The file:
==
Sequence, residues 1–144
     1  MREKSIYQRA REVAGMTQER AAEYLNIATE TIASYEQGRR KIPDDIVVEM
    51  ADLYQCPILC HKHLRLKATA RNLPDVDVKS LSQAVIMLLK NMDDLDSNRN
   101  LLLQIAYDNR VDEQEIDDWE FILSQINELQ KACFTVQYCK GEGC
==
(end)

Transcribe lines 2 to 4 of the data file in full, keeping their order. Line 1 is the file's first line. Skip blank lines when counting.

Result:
     1  MREKSIYQRA REVAGMTQER AAEYLNIATE TIASYEQGRR KIPDDIVVEM
    51  ADLYQCPILC HKHLRLKATA RNLPDVDVKS LSQAVIMLLK NMDDLDSNRN
   101  LLLQIAYDNR VDEQEIDDWE FILSQINELQ KACFTVQYCK GEGC